Stopping Diabetes Before It Starts

Sitagliptin may delay or prevent onset of type 2 diabetes

(RxWiki News) A newer drug used to treat people who already have type 2 diabetes might also help prevent diabetes in people who are at high risk of developing the disease.

People with pre-diabetes have high levels of blood sugar after eating a meal.  Often they have close to normal bood sugar levels after not eating overnight. Pre-diabetics also have high levels of glucagon, a hormone that regulates blood sugar levels. As such, these two indicators help identify people who have a high risk of developing type 2 diabetes

dailyRx Insight: Januvia not only treats diabetes, but also may prevent the disease.

Researchers found that a diabetes drug called Januvia (sitagliptin ) increased the amount of insulin produced. Januvia also decreased the amount of glucagon produced. Because of the increase in insulin and decrease in glucagon, Januvia was successful in lowering blood sugar levels in the rats.

These findings suggest that Januvia may help people with pre-diabetes maintain healthy blood sugar levels and avoid the onset of diabetes.

Richrd J. Koletsky, M.D., and colleagues compared the effects of Januvia , glyburide (an older diabetes drug), and placebo on rats with pre-diabetes. Not only did Januvia increase insulin production by the pancreas, but it also redistributed fat deposits in the abdomen to deposits under the skin. This redistribution of fat is healthy, as fat stored inside the abdomen can increase multiple risks associated with diabetes and heart health.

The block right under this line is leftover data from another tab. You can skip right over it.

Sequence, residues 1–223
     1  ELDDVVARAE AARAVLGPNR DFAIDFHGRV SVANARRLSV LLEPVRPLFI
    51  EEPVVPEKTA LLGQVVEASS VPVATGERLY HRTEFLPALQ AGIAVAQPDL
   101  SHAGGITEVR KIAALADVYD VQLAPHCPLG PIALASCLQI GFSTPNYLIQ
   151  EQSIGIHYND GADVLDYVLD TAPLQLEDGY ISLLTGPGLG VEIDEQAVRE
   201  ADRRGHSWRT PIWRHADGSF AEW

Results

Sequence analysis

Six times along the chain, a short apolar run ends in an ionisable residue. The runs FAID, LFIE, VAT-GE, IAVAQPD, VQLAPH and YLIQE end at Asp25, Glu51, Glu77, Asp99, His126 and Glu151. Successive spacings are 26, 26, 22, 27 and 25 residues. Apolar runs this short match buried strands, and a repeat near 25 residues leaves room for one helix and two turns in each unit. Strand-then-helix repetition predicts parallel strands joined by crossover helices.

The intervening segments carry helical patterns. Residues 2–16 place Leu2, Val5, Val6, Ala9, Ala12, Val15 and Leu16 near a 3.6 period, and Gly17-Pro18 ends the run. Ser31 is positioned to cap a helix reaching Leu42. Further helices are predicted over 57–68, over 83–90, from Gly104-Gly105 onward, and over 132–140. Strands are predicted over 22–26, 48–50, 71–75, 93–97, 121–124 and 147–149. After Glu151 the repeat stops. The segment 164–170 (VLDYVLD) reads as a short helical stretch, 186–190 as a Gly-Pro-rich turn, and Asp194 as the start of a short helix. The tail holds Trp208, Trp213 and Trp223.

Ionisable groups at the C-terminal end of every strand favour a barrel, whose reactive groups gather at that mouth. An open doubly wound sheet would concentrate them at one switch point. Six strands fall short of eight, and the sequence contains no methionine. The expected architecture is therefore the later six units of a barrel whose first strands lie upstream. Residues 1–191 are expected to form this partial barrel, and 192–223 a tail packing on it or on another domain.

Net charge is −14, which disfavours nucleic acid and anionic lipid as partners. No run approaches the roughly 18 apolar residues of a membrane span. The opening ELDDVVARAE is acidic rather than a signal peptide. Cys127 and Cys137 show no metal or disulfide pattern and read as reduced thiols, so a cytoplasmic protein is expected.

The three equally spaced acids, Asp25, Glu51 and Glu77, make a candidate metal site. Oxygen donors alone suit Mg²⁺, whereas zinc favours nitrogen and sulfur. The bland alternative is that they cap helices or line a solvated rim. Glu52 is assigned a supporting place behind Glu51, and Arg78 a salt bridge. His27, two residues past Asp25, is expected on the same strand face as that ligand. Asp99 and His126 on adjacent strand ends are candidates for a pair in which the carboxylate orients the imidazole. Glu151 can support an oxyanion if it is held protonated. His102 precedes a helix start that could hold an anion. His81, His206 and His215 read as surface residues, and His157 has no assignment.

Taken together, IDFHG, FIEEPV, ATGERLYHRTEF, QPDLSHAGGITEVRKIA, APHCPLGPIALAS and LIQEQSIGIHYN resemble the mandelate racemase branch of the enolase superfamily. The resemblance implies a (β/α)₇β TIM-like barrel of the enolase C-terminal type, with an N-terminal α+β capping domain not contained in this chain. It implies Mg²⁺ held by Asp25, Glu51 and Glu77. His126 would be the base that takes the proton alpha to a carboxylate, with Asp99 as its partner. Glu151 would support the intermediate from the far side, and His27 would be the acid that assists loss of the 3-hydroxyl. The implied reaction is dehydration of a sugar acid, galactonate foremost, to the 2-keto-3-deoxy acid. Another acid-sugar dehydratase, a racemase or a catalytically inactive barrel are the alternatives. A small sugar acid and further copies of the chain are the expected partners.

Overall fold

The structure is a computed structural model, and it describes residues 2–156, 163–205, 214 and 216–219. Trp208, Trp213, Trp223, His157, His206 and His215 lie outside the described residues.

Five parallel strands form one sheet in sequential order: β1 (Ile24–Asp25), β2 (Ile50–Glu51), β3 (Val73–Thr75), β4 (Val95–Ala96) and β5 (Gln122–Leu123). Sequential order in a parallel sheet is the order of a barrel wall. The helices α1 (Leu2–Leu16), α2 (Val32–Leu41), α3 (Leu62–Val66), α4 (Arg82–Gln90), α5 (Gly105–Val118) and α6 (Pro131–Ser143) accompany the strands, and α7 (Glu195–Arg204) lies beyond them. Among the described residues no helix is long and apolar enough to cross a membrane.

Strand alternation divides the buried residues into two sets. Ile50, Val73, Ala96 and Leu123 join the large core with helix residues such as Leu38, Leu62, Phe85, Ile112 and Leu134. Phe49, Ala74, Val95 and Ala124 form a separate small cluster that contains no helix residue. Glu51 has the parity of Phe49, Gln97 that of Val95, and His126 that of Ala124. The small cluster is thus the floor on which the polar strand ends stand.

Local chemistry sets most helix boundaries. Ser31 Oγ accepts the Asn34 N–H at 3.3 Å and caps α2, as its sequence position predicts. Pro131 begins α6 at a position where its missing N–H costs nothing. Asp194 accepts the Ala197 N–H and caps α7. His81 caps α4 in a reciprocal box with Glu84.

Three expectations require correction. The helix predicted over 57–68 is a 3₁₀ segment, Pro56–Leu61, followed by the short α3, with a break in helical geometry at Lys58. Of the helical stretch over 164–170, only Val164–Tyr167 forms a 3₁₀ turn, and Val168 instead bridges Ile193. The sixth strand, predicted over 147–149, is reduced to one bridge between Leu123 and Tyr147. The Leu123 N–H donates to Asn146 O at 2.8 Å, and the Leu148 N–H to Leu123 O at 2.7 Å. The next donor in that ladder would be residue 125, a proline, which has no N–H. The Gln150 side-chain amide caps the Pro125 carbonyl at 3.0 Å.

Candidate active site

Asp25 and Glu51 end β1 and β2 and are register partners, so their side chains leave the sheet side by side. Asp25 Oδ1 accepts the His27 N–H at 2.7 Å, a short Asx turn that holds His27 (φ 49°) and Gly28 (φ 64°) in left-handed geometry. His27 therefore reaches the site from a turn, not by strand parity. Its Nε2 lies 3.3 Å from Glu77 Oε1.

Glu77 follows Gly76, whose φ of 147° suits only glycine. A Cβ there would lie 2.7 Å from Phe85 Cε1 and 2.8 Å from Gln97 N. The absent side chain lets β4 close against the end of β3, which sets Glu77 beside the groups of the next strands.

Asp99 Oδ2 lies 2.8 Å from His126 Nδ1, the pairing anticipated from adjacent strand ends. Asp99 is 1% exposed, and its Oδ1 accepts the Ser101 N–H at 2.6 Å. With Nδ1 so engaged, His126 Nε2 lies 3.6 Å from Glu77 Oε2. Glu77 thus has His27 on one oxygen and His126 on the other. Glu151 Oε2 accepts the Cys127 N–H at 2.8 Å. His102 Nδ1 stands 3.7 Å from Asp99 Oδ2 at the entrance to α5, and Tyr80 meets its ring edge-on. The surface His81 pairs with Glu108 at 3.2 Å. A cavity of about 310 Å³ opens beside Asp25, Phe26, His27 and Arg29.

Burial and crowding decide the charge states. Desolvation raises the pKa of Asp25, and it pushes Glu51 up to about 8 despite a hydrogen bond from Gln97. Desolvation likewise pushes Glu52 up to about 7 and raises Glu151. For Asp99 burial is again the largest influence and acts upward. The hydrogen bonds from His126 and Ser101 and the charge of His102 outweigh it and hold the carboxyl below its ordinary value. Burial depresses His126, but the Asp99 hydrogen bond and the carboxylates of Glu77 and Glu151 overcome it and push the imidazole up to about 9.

According to Steven R. Goodman, Editor-in-Chief of Experimental Biology and Medicine, the finding about fat redistribution is especially interesting. More research needs to be done to understand why this happens.

Nearly 26 million individuals are affected by diabetes in the United States each year, with about seven million people going undiagnosed. Diabetes is a chronic metabolic disease with no cure in which a person has high blood sugar because the body does not produce enough insulin (Type 1) or because cells do not respond to the insulin that is produced (Type 2). There are three main types of diabetes: Type 1, Type 2 and Gestational. Several groups of oral drugs, are effective for Type 2, such as Glucophage, Glucotrol, and Prandin, among many others. The therapeutic combination in Type 2 may eventually include injected insulin as symptoms worsen. Along with the presence of physical symptoms, a common blood test known as the A1c can test for the disease.

The study appears in the March 2011 issue of Experimental Biology and Medicine

Review Date: 
March 24, 2011